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Steady as she goes in astronauts' latest task

A SECOND pair of spacewalkers from the shuttle Atlantis tackled the most important task on NASA's fix-up list for the Hubble Space Telescope yesterday, installing new positioning gear to steady its gaze.

The six gyroscopes are not the most exciting part of the telescope, which another pair of spacewalkers on Thursday outfitted with a new panchromatic camera that can see light in infrared, visible and ultraviolet wavelengths.

But key to the telescope's success is its ability to point and hold steady on a target, which project managers say is like illuminating a dime with a laser beam from 320 kilometers away.

That trick is accomplished with spinning gyroscopes, all six of which are expected to be replaced by astronauts Michael Massimino and Michael Good, during the second of five spacewalks planned during shuttle Atlantis' ongoing Hubble telescope servicing mission.

"Those gyros are absolutely critical," said Hubble project manager Preston Burch.

Gyroscopes have been replaced during NASA's previous house calls to Hubble, including a 1999 mission that restored the observatory to service after four of its six gyros died. The telescope is designed to operate with three gyros, but engineers devised a plan to use two and, if necessary, even one.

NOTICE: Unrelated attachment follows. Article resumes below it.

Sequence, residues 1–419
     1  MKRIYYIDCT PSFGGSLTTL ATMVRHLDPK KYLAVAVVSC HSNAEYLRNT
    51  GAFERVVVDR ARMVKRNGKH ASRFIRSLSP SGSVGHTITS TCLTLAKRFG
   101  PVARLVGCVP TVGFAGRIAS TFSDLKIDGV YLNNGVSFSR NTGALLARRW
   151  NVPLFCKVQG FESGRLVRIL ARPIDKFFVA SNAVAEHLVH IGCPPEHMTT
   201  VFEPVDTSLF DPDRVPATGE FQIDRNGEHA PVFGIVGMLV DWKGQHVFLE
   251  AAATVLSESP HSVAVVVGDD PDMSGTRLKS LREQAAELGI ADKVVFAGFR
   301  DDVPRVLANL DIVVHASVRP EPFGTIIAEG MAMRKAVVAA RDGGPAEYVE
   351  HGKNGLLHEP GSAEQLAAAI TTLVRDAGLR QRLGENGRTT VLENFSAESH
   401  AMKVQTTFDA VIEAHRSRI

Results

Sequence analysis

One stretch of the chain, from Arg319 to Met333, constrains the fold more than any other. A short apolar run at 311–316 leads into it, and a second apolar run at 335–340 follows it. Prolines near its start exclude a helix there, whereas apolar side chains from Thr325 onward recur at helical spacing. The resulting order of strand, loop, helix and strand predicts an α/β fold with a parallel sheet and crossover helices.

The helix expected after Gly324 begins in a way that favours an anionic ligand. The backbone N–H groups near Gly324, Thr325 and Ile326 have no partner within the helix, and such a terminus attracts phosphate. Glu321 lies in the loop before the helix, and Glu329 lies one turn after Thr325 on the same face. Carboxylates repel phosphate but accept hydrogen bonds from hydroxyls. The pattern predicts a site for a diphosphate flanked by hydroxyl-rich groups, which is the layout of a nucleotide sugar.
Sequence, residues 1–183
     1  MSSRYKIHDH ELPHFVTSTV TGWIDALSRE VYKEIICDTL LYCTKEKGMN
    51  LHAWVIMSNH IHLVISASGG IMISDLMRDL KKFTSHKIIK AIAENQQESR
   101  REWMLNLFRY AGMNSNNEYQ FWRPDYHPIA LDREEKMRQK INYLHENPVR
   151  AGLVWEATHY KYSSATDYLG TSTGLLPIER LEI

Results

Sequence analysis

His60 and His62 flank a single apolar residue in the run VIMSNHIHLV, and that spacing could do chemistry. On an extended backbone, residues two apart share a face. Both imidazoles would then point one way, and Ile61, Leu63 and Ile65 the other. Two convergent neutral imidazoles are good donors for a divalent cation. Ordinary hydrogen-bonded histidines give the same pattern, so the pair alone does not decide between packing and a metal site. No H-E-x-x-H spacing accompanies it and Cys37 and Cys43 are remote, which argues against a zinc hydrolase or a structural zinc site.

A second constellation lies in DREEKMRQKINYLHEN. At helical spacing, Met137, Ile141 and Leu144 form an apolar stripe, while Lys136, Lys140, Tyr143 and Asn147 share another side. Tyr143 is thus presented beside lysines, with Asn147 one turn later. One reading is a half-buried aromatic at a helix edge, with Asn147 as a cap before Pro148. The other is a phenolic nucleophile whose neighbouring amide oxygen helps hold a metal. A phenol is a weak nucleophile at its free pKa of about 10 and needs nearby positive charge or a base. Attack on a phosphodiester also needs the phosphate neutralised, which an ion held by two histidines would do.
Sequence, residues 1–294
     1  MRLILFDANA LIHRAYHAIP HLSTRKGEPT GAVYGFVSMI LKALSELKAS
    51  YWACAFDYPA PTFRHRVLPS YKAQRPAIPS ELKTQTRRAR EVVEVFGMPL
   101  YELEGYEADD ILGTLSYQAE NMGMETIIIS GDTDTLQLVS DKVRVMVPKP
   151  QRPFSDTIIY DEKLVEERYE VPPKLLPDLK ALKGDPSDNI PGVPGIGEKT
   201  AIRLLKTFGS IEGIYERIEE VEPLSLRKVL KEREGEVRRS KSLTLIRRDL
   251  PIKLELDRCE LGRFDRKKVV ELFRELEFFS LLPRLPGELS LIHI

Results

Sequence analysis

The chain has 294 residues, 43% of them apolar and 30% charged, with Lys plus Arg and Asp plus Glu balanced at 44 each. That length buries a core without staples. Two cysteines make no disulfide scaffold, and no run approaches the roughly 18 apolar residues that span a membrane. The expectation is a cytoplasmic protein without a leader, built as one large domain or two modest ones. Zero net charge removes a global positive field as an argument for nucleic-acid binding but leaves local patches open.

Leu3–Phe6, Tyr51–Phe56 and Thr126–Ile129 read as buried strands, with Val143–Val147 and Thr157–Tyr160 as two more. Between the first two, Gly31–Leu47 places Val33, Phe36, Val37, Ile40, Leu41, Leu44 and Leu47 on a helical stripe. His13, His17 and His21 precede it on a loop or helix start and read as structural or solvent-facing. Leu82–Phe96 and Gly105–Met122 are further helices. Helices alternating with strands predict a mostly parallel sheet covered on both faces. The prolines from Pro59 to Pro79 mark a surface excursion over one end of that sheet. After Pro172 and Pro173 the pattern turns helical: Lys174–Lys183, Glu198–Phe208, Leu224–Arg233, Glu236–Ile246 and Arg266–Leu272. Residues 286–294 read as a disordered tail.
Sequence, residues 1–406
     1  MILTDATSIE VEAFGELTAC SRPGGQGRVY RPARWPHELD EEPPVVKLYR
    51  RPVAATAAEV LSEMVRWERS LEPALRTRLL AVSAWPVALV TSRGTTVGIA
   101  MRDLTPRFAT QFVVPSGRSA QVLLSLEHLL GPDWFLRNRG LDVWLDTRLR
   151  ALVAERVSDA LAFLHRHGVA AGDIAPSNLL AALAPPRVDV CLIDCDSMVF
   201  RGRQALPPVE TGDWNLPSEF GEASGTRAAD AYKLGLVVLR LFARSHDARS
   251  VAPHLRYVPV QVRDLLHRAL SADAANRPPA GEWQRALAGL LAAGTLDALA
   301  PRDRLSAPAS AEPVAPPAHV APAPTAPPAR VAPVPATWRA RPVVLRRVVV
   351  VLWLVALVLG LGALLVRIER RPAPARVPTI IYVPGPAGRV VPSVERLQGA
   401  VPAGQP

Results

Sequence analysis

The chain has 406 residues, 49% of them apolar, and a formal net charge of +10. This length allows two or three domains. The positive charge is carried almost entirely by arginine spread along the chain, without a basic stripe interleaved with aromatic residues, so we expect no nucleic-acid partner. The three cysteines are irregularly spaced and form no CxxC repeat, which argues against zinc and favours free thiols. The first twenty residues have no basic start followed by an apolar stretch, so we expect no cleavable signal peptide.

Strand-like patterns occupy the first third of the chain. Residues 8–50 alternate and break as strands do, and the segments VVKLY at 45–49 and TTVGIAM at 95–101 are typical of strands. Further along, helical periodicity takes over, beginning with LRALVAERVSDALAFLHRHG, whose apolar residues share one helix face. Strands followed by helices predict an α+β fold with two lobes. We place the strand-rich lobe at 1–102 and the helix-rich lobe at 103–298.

The replacement is not particularly difficult work, but getting access is tricky.

Massimino will have to crouch to get himself positioned inside the observatory, where there is a small platform to anchor his boots. He will wedge himself against the inner structure, then try to avoid moving.

"My mantra is 'Be a statue'," he said.

Massimino worked on the telescope during NASA's 2002 telescope servicing mission. Good is making his first spaceflight.

As the astronauts floated into Atlantis' cargo hold to begin a spacewalk expected to take over 6 hours, Massimino raidioed to his crewmates on the shuttle: "It's a beautiful day outside."

The spacewalkers also plan to replace three of Hubble's 19-year-old batteries, which have degraded to the point that they can only be partly charged. The remaining three batteries will be replaced during the mission's last spacewalk on Monday.

Atlantis is making NASA's fifth and final visit to Hubble before the shuttle fleet is retired next year.


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